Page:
Why the world of impact should care about open banking

It sets the agenda for inclusive growth

Why It Matters

Open banking holds transformative potential to reduce costs, improve Canadians' ability to manage financial services, and gain access to a wider range of services. We haven’t yet had a significant conversation about the social purpose merits and potential of open banking. The time for that discussion is now.

In the past few weeks, two events quietly kicked off the next era of financial services in Canada: The Global Summit for Banking on Values and the Government of Canada’s consultations on open banking.

For the first time, experts from banking and fintech, policymaking, and consumer groups came together to explore what open banking means for growth, economic inequality, and consumer choice.

Although the events received little coverage, they have set in motion ideas and conversations that have the potential to catalyze a radically inclusive economy and society. So, pay attention.

 

THE BACKDROP

Banks have always held a wealth of data about their customers’ finances and habits. Over time, technology developments have made it easier to collect data, move it around, and make sense of it.

While carrying out banking activities, people generate a stream of data based on their transactions. This financial transaction data is currently held and controlled by individual financial institutions. Open banking changes this—for good.

You can think about open banking in the same way you might think about open data. It is where citizens can authorize third-party service providers to access their financial transaction data, using secure online channels. The benefit is that it allows them to access new products and services that can enhance their lives. However, these benefits aren’t assured. It’s possible that open banking can increase exclusion, inequality, and discrimination or become another data play industry.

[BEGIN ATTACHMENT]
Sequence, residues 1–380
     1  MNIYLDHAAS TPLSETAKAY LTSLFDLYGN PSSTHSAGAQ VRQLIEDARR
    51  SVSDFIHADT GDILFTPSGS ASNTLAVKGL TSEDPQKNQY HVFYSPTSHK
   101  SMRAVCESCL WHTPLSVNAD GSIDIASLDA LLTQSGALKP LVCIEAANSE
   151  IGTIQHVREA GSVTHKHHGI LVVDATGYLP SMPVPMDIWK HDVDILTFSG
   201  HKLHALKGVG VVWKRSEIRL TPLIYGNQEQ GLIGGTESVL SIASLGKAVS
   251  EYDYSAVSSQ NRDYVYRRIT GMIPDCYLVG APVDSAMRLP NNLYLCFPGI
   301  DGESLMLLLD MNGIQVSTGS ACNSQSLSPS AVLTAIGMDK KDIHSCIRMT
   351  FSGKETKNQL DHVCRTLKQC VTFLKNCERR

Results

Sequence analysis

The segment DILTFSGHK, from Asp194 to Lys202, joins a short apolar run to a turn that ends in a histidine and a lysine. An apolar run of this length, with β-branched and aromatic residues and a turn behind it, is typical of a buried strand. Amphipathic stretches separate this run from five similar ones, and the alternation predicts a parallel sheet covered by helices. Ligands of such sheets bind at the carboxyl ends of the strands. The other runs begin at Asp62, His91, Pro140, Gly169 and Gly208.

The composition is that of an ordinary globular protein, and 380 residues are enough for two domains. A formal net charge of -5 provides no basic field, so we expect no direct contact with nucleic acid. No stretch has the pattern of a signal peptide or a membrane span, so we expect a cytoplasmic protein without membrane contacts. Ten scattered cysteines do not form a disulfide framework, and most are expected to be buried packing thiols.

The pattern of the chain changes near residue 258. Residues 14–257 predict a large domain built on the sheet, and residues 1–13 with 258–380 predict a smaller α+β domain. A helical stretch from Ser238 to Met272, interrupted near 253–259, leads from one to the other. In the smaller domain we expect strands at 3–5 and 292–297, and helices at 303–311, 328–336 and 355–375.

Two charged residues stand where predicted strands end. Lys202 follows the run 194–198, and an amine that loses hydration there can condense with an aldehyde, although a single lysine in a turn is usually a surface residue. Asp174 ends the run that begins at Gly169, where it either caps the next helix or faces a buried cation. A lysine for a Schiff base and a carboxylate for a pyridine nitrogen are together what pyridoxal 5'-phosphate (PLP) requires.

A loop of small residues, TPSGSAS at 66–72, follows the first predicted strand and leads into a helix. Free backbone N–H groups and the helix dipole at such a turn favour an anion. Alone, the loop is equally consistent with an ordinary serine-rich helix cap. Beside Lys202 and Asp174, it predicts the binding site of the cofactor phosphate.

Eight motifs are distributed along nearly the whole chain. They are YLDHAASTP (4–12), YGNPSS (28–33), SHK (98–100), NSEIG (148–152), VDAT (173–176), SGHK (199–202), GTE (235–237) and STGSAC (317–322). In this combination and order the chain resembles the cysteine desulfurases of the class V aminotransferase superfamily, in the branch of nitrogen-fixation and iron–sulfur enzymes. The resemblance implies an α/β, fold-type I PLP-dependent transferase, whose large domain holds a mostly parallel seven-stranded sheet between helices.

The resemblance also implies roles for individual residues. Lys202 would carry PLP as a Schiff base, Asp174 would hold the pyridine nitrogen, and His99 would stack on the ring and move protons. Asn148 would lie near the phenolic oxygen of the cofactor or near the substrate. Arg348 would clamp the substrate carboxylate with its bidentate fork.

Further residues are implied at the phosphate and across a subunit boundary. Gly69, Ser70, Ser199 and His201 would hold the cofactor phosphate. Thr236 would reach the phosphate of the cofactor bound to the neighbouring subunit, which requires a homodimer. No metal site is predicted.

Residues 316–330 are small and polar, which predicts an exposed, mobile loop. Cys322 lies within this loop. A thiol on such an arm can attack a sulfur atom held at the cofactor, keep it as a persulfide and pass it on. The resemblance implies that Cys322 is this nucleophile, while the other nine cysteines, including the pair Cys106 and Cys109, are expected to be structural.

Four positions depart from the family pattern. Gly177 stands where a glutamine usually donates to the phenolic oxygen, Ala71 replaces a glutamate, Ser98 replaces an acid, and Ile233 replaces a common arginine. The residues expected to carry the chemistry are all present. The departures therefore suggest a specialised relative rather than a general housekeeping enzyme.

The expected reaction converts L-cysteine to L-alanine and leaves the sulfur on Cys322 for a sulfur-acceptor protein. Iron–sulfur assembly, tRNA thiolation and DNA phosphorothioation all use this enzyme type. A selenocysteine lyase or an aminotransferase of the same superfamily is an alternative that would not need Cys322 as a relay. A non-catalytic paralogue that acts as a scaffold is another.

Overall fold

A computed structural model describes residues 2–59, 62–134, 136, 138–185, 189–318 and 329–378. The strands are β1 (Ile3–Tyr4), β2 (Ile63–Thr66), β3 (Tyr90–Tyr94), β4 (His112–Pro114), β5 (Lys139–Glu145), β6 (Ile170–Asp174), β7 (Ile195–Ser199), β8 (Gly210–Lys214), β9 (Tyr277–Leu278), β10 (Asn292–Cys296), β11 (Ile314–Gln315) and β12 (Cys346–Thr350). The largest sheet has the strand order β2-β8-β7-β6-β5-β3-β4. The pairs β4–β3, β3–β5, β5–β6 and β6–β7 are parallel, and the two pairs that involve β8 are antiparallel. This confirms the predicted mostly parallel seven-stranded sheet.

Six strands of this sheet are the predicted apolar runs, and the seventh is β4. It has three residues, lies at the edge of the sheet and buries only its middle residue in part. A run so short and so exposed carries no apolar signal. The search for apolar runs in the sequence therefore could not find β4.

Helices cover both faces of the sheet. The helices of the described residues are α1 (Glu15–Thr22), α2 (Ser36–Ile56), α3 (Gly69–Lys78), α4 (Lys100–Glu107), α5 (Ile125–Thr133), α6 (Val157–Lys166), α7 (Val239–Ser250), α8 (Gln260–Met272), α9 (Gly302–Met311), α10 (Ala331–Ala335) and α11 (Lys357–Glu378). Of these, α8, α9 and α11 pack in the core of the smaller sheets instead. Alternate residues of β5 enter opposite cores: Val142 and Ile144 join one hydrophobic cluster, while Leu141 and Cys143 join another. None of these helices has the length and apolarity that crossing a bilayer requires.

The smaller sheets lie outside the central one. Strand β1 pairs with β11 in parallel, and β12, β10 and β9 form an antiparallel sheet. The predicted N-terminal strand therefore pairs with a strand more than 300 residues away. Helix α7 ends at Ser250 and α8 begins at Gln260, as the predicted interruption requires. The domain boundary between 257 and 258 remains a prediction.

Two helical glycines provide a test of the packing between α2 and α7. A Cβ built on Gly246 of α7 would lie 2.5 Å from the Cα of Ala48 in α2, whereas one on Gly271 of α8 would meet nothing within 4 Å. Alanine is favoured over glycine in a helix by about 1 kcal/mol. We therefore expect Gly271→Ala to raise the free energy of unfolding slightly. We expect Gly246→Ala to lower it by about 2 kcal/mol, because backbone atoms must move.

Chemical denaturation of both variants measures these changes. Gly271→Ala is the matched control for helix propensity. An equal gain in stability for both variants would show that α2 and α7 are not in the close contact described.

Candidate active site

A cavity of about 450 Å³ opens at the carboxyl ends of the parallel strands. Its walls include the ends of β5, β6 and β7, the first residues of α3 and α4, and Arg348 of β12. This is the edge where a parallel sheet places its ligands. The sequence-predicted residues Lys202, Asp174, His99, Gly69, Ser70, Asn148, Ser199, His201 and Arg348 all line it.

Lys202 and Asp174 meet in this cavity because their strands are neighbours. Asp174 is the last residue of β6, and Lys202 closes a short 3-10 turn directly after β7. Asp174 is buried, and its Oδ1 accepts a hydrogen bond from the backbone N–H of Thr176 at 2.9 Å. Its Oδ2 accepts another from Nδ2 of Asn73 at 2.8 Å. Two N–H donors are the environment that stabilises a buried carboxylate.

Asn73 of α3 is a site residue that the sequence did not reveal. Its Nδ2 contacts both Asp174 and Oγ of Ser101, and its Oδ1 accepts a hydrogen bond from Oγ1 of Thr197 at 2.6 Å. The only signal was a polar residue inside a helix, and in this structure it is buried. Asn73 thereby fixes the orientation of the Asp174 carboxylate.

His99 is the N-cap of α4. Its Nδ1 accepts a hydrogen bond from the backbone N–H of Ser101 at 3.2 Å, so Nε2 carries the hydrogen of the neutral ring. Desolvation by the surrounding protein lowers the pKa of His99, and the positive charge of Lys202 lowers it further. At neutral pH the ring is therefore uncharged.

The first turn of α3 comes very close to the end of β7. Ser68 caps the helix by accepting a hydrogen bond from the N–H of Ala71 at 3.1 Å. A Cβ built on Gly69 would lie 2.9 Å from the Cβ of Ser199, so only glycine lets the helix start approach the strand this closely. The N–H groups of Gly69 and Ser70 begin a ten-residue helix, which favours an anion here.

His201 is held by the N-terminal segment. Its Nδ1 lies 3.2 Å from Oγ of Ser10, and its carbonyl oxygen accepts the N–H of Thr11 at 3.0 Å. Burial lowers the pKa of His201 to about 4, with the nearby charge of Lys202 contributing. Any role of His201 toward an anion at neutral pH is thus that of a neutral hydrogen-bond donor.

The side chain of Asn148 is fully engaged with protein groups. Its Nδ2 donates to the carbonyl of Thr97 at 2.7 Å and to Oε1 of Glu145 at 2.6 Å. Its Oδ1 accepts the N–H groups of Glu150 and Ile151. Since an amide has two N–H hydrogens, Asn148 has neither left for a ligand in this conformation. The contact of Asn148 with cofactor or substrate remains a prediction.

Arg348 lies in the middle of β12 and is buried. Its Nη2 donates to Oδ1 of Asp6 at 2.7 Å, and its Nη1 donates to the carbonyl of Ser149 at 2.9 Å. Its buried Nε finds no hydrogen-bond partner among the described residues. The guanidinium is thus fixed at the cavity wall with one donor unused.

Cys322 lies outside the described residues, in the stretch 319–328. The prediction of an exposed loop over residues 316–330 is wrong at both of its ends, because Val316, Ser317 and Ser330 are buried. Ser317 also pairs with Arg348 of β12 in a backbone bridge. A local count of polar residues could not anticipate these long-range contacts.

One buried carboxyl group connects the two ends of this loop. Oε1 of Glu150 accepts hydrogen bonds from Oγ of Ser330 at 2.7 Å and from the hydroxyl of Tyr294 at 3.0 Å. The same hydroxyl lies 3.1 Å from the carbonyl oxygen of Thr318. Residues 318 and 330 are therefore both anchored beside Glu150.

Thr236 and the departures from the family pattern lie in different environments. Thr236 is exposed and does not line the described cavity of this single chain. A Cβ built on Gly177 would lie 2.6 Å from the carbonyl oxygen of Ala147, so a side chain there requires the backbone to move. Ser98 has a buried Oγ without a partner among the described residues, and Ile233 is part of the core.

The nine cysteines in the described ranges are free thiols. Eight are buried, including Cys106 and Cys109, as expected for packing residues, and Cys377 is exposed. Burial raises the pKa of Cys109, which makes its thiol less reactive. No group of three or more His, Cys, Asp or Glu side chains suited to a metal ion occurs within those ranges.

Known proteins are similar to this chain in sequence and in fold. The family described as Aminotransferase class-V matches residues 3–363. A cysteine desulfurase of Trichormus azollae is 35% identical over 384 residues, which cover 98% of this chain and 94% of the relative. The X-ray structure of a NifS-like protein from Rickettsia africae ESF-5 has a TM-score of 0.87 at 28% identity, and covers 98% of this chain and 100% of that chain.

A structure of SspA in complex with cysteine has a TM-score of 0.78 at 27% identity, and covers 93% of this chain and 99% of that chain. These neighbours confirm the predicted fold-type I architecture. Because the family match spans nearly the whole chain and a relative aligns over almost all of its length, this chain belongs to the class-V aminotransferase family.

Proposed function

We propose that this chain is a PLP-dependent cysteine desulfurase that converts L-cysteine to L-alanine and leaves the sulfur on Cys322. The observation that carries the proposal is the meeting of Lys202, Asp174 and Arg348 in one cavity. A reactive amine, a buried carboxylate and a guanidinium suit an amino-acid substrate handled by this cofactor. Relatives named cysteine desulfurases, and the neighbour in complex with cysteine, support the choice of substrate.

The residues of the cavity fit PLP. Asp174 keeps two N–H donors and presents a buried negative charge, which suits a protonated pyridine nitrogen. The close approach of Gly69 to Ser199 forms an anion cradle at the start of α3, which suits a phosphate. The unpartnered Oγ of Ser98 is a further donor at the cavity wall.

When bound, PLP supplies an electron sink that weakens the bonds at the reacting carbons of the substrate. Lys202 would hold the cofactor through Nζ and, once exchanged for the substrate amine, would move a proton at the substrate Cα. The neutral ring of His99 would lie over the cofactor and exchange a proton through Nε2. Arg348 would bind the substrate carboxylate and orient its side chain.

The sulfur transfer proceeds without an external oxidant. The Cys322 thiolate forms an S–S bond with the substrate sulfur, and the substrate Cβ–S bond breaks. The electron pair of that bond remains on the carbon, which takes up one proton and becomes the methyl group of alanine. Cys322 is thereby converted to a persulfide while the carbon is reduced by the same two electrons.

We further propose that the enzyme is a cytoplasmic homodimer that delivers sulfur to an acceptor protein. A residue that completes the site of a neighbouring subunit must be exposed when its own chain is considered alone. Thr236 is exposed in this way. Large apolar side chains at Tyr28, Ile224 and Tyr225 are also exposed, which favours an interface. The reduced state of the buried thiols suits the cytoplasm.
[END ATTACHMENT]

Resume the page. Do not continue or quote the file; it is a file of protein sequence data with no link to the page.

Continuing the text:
Why impact-focused people should care about open banking

WHAT WE SEE

Thus far, conversations on open banking have centred around how open banking could pave the way for the transformation of the financial sector to better serve consumers and grow businesses and markets, contributing to the growth of the Canadian economy and Canada’s global advantage.

We see numerous possibilities in the world of impact for open banking including apps that could analyze data to help humanitarian aid cash transfer, personal financial literacy and management, local economic development and entrepreneurship loan products, financial services tailored for gig workers, and newcomer settlement.

In order to deliver on these benefits, the finance system must have appropriate consumer protection, while also meeting standards with respect to privacy, security, and operational stability.

But first, as impact-focused people, we need to explore the merits of open banking for both our domain and the people we serve, as well as shape this emerging landscape. Organizations such as Prosper Canada have already begun, but its potential is broader than financial literacy and empowerment.

This is yet another window for the world of impact in Canada to lead the conversation for a more equal opportunity, low-energy, social procurement-based, and social enterprise-friendly industry.

(Aside: How do you think we fared on this with cannabis?)  

 

WHAT TO WATCH

There are mixed perspectives surrounding what should be the primary policy and regulatory angle for Canada’s open banking system: Global competitiveness? Consumer choice? Inclusion? Something else?

Given the federal government’s emphasis on inclusive innovation and inclusive growth, particularly with the social innovation and social finance strategy, this focus on inclusion would be a worthwhile starting point.

Open banking can be a catalyst for inclusive innovation and lasting impact. We must not let it become another meaningless data play industry, but a multi-sector ecosystem that supports viable and purpose-first business models.

 

GO DEEPER

A Review into the Merits of Open Banking Government of Canada consultation document.